On one hand, the responses of Planned Parenthood and the National Abortion Rights Action League (NARAL) have not surprised me. Because they are advocacy groups, I expected them to defend abortion even as they applauded the verdicts.
On the other hand, I wondered if perhaps they would seek some common ground. Surely, everyone should be able to agree that killing babies after they are born should be condemned. In addition, it seems that all concerned should welcome strict enforcement of laws regulating abortion as a means of finding and stopping any future Gosnell-like clinics.
Such reactions are not happening.
Planned Parenthood tweeted:
NARAL issued a statement missing any direct reference to the babies murdered by Gosnell. The statement begins by citing Ilyse Hogue, president of the group:
“Kermit Gosnell has been found guilty and will get what he deserves. Now, let’s make sure these women are vindicated by delivering what all women deserve: access to the full range of health services including safe, high-quality and legal abortion care.”
It seems to me that these statements confirm the worst fears of every pro-life advocate. Whether deliberate or not, by failing to even mention the murder of infants, these groups communicate a callous disregard for the lives of these children.
Apparently hoping to use the verdict to advance the cause, a NARAL tweet blames pro-life sentiment for Gosnell’s crimes:
NARAL spinners find numbers they like, but regarding both regulation and funding, they miss the facts of this case. Regarding funding, sources existed to pay for abortions at Gosnell’s clinic or for options other than his clinic. Delaware Pro-Choice Medical Fund paid for abortions at Gosnell’s clinic as well as at other abortion providers around the Philadelphia area. In fact, this funding source and others helped keep Gosnell going.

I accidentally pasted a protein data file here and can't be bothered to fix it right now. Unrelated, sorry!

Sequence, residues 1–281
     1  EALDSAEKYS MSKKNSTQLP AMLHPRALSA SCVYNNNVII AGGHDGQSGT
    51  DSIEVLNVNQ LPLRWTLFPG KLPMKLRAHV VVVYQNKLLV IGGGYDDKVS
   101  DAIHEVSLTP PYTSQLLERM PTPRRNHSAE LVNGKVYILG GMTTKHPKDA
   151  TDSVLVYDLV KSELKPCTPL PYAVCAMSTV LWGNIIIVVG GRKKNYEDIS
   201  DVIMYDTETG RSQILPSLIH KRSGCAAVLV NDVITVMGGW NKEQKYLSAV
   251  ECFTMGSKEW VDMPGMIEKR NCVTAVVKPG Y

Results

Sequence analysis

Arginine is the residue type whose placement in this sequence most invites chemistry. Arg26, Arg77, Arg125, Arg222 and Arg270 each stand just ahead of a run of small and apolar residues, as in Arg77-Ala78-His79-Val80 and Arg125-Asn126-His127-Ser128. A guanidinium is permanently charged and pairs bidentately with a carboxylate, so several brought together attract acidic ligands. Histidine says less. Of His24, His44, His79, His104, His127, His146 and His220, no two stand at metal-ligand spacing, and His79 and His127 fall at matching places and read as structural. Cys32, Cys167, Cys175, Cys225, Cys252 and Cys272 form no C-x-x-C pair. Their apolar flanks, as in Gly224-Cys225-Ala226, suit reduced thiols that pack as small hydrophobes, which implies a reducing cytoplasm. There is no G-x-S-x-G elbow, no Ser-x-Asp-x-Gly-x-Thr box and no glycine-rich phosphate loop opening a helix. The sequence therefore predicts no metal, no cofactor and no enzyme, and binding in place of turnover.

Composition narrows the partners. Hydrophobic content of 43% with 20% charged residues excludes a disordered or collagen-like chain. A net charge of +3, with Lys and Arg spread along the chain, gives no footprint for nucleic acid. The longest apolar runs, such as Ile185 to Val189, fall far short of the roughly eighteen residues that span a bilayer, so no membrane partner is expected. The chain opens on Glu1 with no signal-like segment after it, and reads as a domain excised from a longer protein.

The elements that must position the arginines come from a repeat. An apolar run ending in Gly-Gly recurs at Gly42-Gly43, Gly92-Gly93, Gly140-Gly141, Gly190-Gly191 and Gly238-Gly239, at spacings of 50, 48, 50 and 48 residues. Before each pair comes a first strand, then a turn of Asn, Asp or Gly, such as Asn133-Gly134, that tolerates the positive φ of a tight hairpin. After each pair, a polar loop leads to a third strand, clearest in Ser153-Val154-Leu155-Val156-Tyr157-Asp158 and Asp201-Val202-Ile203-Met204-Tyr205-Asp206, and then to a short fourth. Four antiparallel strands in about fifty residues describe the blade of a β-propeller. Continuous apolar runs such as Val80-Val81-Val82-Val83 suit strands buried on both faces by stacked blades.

In 2007, three representatives from the Delaware Pro-Choice Medical Fund toured Gosnell’s Womens Medical Society in West Philadelphia. They saw nothing wrong. Even though the representatives were greeted by two people who called themselves doctors, the funders did not check credentials and continued to pay for abortions at Gosnell’s house of horrors.
When Gosnell’s crimes were first exposed in 2011, pro-choice advocates blamed the Hyde Amendment for driving women to low-cost providers like Gosnell. At that time, I responded that Gosnell had access to funding for the women who were seeking his services. As noted, various medical funds paid for abortions at his clinic. As this rate sheet demonstrates, it appears he billed Medicaid for allowed abortions. I suspect he stretched the truth on some of those billings.
As is now obvious, none of these funding sources provided adequate oversight. The funding was there but the horrors continued.
Despite the smoke screen from NARAL, one central issue in this case, whether one is pro-life or pro-choice, is the appalling lack of regulation of a so-called medical clinic.
The issue here is oversight, or rather the lack of it, and let’s not forget why that oversight was lacking. Kenneth Brody, Department of Health lawyer said there was consideration given to restarting abortion clinic regulation in 1999. However, the state did not resume inspections. Why? Brody told the grand jury:
…there was a concern that if they did routine inspections, that they may find a lot of these facilities didn’t meet [the standards for getting patients out by stretcher or wheelchair in an emergency], and then there would be less abortion facilities, less access to women to have an abortion.
Worries over access kept Gosnell unregulated. Generally, pro-choice advocacy groups oppose laws which tighten oversight on clinics. Why should those who operate properly fear rational regulation? Only those acting in the darkness fear the light. For the sake of women and babies, let the light shine.